This time, the campaign began to get results: By March 27, 2,535 people had contributed $2,359.67. Then on April 1, Pulitzer announced that the ship containing the crated parts of the statue would leave France aboard the French warship Isere on May 8th. The excitement began to build, prompting a new wave of giving. By April 15, he’d raised $25,000, and a month later another $25,000 – enough money to restart work on the pedestal.
At this point, the makers of Castoria laxative stepped forward to help. They offered to chip in $25,000, “provided that for the period of one year, you permit us to place across the top of the pedestal the word ‘Castoria.,’” they wrote. “Thus art and science, the symbol of liberty to man, and of health to his children, would more closely enshrined in the hearts of our people.” The offer of a laxative for Miss Liberty was politely declined; Castoria kept its money.
ON A ROLL
By now the race to fund the pedestal had captivated the entire country, and money really began to pour in. People sent in pennies, nickels and dimes … and they also began buying copies of the World each day to keep track of the race; by the time the dust settled, the World’s circulation had exploded to the point that it was the most widely-read newspaper in the entire Western hemisphere.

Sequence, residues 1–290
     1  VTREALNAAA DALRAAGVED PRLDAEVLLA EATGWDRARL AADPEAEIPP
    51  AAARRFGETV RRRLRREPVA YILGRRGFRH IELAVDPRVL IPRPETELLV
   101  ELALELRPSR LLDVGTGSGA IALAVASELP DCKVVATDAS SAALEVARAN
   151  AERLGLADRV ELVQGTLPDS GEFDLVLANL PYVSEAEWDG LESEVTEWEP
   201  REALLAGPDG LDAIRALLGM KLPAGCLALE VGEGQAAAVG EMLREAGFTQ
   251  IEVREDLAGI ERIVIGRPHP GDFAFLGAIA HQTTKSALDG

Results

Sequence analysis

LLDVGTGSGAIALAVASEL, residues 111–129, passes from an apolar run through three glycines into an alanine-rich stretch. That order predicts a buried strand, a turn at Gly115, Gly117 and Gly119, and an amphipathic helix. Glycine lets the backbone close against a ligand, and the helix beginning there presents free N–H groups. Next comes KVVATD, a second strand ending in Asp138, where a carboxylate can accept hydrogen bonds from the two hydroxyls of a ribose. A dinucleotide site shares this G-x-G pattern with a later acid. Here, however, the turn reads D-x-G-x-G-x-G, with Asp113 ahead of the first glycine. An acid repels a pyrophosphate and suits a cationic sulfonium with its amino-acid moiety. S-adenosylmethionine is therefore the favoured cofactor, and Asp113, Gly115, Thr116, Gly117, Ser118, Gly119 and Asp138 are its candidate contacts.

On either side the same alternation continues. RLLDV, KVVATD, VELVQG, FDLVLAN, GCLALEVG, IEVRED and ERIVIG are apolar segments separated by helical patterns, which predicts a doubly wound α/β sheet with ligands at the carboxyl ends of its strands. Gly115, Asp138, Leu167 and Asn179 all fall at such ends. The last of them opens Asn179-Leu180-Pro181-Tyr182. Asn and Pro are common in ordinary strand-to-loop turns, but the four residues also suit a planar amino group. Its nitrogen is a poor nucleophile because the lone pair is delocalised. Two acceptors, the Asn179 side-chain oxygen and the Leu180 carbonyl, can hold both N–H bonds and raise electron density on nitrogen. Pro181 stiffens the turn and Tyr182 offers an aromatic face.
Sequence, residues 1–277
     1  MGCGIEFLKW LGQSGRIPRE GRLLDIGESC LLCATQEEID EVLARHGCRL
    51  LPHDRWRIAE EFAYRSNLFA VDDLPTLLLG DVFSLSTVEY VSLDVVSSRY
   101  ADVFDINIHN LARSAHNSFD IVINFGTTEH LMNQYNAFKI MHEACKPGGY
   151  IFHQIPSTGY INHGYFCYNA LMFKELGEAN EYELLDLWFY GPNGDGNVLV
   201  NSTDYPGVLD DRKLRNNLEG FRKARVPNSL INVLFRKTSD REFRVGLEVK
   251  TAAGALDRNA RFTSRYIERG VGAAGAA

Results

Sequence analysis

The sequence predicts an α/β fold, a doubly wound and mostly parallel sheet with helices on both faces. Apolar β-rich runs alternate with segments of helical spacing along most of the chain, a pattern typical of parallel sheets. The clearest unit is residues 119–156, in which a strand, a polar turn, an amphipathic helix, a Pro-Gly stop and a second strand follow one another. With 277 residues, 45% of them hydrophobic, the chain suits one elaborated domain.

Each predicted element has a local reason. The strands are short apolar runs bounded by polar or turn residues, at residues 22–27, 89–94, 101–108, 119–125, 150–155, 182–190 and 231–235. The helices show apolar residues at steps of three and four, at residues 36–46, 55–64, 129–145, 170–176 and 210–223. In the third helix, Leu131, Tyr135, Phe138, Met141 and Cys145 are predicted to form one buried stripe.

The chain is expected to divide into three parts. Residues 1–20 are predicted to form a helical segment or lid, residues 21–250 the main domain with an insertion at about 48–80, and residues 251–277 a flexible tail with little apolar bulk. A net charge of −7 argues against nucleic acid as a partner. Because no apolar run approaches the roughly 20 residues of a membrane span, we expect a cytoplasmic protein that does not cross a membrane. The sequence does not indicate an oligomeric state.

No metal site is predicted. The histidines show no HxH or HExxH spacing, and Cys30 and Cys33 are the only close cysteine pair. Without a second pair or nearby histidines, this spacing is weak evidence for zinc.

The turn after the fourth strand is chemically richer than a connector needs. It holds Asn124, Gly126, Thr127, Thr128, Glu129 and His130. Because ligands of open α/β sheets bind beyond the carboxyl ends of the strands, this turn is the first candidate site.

On June 19, the fundraising passed the $75,000 mark; on July 22, the Isere arrived in New York Harbor and began unloading its cargo; bringing the excitement – and the giving – to its peak.
Finally on August 11, Pulitzer’s goal was met. “ONE HUNDRED THOUSAND DOLLARS! TRIUMPHANT COMPLETION OF THE WORLD‘S FUND FOR THE LIBERTY PEDESTAL.” More than 120,000 people had contributed to the effort, for an average donation of about 83¢ per person.
Work on the pedestal now moved at a steady clip; by April 1886 it was finished, and the pieces of the statue itself were put into place. The internal steel and iron framework structure went up first; then the pieces of the statue’s outer skin were attached one by one. Finally on October 28, 1886, at a ceremony headed by President Grover Cleveland, the statue was opened to the public … more than ten years after the original July 4, 1876 deadline.
The statue was late – very late. But better late than never.
The Statue of Liberty Enlightening the World (1886) by Edward Moran.
A WOMAN OF FEW WORDS
The verse most closely associated with the statue, “Give me your tired, your poor, / Your huddled masses yearning to breathe free …” weren’t added to the pedestal until 1903 … and only after officials realized what an inspiration the statue had become to the waves of immigrants arriving at nearby Ellis Island. The verses are part of “The New Colossus,” a sonnet composed by New York poet Emma Lazarus in 1883; she donated it to an auction at the New York’s Academy of Design to raise money for the statue’s pedestal.